03 February 2012


Blogs and fora are the main channels that keep any cyber-community connected. Both allow, although in different degrees, the exchange of information. Blogs like this one have obvious authors and that exchange of information is mostly unidirectional—from the author to the readers; but there is some room, through comments, for some bidirectional exchange. But it is on fora where most of discussions and most information are shared.

Now, we wanted to believe that fora are free and open to accept any discussion, but it is actually not like that. After all, fora belong to some people who have their own legitimate interests, and sooner or later, forum administrators show them. The temptation of limiting censoring is the unpleasant way to say it— the expression of ideas in order to protect those interests is hard to avoid. Fora become an extension of their business activities and there are certain limits not to be trespassed… But some of them can become ridiculous and question the role of the forum as an agora to learn.

On what grounds can an honest question on the safety of Noodler’s Baystate Blue be banned? Why does questioning the Japanese origin of Danitrio make the moderator –and Danitrio salesman— lock the thread? Why did asking what a fake is trigger bitter responses from a forum administrator?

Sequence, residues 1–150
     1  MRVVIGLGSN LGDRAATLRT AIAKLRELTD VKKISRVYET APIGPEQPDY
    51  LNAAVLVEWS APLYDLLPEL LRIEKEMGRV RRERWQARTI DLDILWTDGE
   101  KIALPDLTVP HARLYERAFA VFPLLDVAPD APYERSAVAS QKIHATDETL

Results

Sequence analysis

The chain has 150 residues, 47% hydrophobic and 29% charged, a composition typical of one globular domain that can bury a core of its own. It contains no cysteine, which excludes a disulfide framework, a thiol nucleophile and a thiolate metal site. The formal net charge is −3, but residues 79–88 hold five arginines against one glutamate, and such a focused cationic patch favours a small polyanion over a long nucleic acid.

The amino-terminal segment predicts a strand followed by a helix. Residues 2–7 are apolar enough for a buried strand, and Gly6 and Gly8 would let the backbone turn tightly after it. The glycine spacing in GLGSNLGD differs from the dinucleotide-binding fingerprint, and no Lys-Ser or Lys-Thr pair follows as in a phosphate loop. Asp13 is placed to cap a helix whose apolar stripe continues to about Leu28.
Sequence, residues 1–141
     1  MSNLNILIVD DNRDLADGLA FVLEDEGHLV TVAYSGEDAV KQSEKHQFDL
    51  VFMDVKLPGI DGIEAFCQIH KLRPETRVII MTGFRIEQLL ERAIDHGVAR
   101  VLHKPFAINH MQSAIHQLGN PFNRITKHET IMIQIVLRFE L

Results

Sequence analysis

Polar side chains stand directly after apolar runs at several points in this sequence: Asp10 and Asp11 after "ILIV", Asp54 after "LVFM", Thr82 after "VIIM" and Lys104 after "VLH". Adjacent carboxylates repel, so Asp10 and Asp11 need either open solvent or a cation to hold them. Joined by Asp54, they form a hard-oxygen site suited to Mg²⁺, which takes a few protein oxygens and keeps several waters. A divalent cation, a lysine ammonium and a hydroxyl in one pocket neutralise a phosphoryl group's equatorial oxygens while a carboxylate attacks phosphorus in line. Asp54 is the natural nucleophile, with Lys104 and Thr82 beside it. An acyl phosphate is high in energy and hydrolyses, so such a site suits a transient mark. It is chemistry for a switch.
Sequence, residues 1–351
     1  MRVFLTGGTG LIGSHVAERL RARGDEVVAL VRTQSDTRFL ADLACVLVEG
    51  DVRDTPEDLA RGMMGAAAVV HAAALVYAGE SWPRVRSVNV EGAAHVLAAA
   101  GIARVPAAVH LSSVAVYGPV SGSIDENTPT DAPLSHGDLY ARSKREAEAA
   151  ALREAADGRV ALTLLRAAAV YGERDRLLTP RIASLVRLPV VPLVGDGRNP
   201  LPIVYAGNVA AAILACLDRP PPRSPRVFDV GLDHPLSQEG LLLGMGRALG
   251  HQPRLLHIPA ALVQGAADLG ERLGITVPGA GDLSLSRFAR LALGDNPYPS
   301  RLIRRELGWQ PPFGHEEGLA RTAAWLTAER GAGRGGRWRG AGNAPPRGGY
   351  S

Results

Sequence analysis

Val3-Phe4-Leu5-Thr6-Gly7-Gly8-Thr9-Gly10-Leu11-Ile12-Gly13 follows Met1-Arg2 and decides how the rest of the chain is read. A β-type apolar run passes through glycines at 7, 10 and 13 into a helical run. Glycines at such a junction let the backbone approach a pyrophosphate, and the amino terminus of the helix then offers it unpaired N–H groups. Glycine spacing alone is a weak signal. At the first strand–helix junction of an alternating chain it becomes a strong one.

All these forum policies and all those reactions of forum administrators reveal agendas and interests. And even if legitimate, they are annoying and misleading. Nobody asked us to participate on those fora, and we all agreed on abiding by some rules the forum organizer set in the beginning; and, by the same token, we could quit and leave any time. However, fora need participants and participants need places to discuss and learn.

The bottom line might be not to be misled by the apparent freedom of fora—they are not free.

(Pilot Super Ultra 500 – Athena Sepia)

Bruno Taut
February 1st, 2012
[labels: fora, Mercado, metabitácora]

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